The brown recluse spider is known for its “reclusive” behaviors, because it would prefer to take residence in warm, dark and dry environments, such as woodpiles, basements and closets. This arachnid bites– generally unintentionally when it feels trapped– usually when a hand or foot reaches into a shoe or piece of clothing or in a container in the attic or basement where a brown recluse has made its home.
Outside, brown recluse spiders are usually spotted around rocks, stacks of inner tubes, power boxes, woodpiles, under bark, etc
Inside the home, brown recluse spiders might be spotted in practically any undisturbed area. They are most commonly found in boxes, among documents, and in seldom-used clothing and shoes, although they can possibly be spotted in corners, below tables and chairs, or in crevices for instance, those located along baseboards, doors, and window moldings. Storage areas like closets, bedrooms, attics, crawl spaces, and basements are preferred nesting places.|Outside, brown recluse spiders are usually discovered around rocks, stacks of inner tubes, power boxes, woodpiles, under bark, etc
BROWN RECLUSE SPIDER BITES
Both male and female brown recluse spiders can bite and inject poison. Injection of their poison can produce necrosis or dead tissue, causing an ulcerating sore. Healing is very slow-moving and generally takes numerous weeks, causing thick scar tissue. In extreme cases, plastic surgery may be required.
The bite of a brown recluse spider is not typically felt, but it may produce an instant painful feeling followed by severe discomfort or this response may be postponed for 6 to 8 hours. A little blister usually appears and the bordering bite site becomes swollen. Signs include things like high temperature, restlessness and difficulty sleeping. The dead tissue at some point sloughs away throughout the following 10 to 14 days, leaving an open abscess and possibly exposing the underlying muscle mass and/or bone. Call a doctor or visit an emergency room right away if bitten, and when feasible take the spider along for identification purposes.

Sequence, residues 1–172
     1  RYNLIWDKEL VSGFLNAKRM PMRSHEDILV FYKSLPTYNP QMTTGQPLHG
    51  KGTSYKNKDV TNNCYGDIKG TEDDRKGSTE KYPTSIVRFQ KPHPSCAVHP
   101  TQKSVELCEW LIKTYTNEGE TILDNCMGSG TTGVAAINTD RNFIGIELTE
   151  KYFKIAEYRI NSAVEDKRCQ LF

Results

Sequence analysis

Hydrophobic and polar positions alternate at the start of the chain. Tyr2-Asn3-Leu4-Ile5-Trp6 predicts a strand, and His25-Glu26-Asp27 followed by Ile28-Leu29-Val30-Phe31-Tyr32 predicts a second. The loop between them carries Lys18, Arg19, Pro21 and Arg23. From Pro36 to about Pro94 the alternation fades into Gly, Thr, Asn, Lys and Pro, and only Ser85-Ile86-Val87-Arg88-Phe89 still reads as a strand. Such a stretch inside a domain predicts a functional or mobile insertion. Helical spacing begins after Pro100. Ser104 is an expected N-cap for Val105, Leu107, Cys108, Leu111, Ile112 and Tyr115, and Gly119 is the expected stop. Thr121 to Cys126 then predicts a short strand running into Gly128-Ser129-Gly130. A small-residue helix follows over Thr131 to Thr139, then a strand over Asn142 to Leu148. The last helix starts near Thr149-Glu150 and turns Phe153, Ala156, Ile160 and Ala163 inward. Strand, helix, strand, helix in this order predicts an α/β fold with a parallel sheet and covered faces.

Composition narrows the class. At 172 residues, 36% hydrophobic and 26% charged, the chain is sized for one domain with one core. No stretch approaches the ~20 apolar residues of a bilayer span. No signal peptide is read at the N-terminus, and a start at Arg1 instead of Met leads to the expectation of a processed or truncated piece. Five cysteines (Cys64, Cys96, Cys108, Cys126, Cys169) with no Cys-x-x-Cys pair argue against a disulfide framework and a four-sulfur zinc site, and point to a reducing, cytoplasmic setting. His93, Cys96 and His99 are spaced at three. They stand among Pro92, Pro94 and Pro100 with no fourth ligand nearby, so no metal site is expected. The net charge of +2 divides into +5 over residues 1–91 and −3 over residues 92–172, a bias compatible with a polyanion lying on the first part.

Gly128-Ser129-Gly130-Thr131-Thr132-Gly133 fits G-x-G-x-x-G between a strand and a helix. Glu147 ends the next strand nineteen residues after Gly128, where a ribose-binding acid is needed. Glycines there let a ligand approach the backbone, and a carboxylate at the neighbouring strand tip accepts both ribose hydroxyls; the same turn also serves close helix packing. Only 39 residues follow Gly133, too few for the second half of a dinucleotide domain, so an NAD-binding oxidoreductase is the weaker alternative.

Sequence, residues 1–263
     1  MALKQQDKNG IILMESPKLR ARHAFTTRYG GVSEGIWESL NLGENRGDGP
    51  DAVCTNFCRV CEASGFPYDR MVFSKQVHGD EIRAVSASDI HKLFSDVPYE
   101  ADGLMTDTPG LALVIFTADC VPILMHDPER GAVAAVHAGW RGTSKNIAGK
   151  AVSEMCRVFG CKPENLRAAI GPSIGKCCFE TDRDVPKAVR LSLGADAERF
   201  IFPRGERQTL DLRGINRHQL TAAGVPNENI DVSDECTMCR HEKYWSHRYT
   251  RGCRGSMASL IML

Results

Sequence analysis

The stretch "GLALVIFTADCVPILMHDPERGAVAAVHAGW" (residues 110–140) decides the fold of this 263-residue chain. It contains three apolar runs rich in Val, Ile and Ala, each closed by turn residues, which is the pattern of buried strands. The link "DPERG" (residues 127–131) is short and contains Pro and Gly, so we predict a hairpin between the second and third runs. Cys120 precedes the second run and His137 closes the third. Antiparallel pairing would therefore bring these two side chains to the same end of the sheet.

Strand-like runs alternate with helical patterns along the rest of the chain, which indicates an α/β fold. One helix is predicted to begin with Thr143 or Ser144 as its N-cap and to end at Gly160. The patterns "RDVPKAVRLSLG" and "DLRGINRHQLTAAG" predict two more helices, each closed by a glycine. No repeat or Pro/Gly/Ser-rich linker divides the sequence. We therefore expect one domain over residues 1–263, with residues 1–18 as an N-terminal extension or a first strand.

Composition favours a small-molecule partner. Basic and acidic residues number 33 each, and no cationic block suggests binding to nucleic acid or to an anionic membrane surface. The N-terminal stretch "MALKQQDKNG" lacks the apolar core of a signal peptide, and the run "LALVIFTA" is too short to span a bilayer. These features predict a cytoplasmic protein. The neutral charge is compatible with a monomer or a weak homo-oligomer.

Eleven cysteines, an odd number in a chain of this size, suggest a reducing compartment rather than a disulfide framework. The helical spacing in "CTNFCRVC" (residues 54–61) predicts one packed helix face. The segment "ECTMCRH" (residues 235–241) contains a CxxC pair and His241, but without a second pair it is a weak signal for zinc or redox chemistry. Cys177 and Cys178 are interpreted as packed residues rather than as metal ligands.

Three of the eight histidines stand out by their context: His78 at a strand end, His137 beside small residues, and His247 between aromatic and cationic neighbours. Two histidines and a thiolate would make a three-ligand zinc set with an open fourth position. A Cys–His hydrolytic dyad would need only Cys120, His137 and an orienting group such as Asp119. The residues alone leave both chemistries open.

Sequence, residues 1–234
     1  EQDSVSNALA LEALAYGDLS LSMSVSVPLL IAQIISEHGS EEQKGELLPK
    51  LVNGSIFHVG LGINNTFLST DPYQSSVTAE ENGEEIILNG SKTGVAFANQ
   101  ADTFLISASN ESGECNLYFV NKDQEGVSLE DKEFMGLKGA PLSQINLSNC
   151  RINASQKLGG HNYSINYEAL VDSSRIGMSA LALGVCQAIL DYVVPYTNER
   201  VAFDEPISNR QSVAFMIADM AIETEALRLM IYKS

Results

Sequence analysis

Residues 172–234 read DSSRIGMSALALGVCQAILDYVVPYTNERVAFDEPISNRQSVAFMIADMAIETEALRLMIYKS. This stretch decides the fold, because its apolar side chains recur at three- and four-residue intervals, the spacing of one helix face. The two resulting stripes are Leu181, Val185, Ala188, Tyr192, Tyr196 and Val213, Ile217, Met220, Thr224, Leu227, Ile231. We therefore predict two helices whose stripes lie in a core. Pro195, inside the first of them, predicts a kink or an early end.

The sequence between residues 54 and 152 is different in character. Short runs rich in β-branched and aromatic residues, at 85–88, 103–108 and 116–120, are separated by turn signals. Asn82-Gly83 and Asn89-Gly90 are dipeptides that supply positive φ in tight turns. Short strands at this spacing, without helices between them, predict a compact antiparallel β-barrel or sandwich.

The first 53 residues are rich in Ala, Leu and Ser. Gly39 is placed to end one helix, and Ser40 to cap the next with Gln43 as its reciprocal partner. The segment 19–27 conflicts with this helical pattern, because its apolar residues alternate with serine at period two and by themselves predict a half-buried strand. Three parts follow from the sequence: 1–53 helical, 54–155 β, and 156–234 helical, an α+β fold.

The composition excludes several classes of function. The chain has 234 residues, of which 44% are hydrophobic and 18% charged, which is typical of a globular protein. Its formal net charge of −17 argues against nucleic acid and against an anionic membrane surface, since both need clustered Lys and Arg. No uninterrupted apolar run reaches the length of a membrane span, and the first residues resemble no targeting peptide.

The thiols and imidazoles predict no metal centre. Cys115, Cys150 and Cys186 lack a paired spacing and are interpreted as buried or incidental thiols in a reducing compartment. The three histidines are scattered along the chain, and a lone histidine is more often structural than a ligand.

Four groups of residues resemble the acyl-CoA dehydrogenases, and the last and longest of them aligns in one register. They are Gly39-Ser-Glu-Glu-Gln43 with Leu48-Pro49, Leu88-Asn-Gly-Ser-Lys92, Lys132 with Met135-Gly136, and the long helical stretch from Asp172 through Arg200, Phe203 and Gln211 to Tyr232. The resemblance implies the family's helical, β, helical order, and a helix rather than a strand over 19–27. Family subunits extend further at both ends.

1. Inspect the exterior of the home for any small openings or holes, paying particular attention to places where utility pipelines enter into the structure. Close any such openings with a silicone caulk to stop spiders and other insects from accessing inside.
2. Stack firewood a minimum of twenty feet from your home and 5 inches up off of the ground to hinder spiders from hiding in the woodpile. It’s a good idea to use gloves when moving the wood, and check it carefully before bringing inside your home.
3. Clothing and shoes need to not be left on the flooring, or they must be cleaned before using, especially if stored in the basement, garage, or other dark location.
4. Shop seldom-used items, such as boots, baseball mitts, skates, gardening clothing, and gloves, in securely sealed plastic bags or boxes.
Control of brown recluse spider infestations need to be delegated a certified pest-control expert. Please call us at Bug Pro Pest Control if you believe to have a problem. We can help!
The brown recluse spider is known for its “reclusive” behaviors, because it chooses to take residence in warm, dark and dry environments, such as woodpiles, basements and closets. Outside, brown recluse spiders are usually found around rocks, stacks of inner tubes, utility boxes, woodpiles, under bark, etc.